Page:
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Wednesday, February 13, 2013

Snow Scorpionflies

Some insects die at the onset of winter; others hibernate; and some even fly south, not to return until spring. But a hardy few actually thrive in winter. One such creature is a very peculiar insect called the Snow Scorpionfly.

A mating pair of Snow-born Boreus (Boreus nivoriundus)
atop the snow, seen near NBNC on February 12, 2013

 Snow Scorpionflies are typically only seen in winter, often walking on top of the snow. Since getting wing muscles warm enough to fly is difficult in cold temperatures, Snow Scorpionflies have little use for them and as such their wings have evolved into tiny stubs. Instead, they walk (or sometimes hop) across the snow. You may find them eating moss at the base of trees, or if you’re lucky, you can even catch them mating atop the snow (see above)!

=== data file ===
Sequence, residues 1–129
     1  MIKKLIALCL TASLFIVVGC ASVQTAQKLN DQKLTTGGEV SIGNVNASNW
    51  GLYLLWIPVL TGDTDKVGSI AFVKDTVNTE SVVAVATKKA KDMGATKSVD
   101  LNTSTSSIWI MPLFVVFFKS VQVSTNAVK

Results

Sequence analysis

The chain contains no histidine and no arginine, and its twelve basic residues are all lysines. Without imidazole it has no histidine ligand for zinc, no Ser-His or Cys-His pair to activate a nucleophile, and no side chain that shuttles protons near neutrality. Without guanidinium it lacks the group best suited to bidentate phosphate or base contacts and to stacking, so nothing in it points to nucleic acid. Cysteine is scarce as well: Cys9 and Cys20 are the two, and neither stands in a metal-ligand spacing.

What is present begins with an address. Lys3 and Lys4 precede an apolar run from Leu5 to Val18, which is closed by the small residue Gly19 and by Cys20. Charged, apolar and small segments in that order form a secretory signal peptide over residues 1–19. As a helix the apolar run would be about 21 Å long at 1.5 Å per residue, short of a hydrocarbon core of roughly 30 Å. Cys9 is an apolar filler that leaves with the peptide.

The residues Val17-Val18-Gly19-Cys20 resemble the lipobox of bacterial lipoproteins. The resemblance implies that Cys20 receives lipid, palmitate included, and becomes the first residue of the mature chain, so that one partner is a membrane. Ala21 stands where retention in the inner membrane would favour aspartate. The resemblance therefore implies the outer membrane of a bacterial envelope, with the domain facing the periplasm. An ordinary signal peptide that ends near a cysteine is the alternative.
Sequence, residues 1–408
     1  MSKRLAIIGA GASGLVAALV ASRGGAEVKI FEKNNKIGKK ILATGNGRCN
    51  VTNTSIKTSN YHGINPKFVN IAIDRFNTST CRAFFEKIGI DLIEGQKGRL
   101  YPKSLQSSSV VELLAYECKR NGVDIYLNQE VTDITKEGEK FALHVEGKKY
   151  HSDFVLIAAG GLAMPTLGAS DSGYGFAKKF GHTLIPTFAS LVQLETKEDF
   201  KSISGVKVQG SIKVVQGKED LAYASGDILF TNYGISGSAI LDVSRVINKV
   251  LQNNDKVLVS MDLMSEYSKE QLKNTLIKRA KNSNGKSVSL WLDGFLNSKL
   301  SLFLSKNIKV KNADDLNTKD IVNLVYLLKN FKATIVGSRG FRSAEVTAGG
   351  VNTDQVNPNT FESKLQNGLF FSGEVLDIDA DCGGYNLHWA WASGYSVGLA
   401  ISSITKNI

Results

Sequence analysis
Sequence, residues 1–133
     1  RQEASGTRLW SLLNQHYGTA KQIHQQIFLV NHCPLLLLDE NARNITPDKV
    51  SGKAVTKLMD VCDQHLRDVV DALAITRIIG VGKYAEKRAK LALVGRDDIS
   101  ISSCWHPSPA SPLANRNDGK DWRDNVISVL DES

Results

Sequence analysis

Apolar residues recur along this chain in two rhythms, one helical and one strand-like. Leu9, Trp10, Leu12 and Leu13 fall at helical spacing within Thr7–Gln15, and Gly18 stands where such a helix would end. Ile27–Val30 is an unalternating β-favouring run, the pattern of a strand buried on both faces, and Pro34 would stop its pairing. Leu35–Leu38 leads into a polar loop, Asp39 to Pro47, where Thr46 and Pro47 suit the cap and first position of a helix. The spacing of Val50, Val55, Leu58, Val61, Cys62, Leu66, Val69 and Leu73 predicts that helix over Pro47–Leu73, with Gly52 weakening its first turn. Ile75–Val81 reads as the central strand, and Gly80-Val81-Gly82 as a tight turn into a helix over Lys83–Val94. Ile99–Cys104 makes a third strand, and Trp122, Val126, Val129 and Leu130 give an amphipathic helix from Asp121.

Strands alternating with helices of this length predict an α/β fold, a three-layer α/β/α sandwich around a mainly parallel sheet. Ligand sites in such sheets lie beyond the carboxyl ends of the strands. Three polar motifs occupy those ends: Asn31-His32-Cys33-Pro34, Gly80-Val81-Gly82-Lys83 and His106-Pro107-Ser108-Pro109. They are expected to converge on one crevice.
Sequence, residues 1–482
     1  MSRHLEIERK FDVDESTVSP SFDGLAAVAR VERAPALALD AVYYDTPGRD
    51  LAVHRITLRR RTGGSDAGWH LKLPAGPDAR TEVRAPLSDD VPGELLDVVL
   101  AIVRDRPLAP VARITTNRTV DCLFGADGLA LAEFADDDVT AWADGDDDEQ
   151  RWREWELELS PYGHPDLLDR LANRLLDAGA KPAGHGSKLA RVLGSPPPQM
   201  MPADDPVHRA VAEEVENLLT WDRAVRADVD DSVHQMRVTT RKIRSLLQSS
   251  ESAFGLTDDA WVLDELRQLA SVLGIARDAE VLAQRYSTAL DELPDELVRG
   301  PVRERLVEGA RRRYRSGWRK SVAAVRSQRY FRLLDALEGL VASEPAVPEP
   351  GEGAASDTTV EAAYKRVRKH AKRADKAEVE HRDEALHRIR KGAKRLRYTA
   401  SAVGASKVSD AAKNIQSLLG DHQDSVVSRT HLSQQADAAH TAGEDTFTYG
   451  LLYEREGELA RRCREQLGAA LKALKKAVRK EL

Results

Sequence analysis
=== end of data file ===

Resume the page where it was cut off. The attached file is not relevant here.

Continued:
Most likely the Mid-winter Boreus (Boreus brumalis)
found and photographed in E. Calais by Erika Mitchell
These fascinating creatures are the closest living relative to fleas. As more research is done incorporating DNA analyses, fleas may eventually be considered highly specialized scorpionflies. While their dark bodies contrast well with the white snow, they are very small (about a half-centimeter long) and can easily be overlooked. If you manage to find one, don’t pick it up… it is said that they are so well-adapted to cold that if you hold one, the heat from your hand can kill it!

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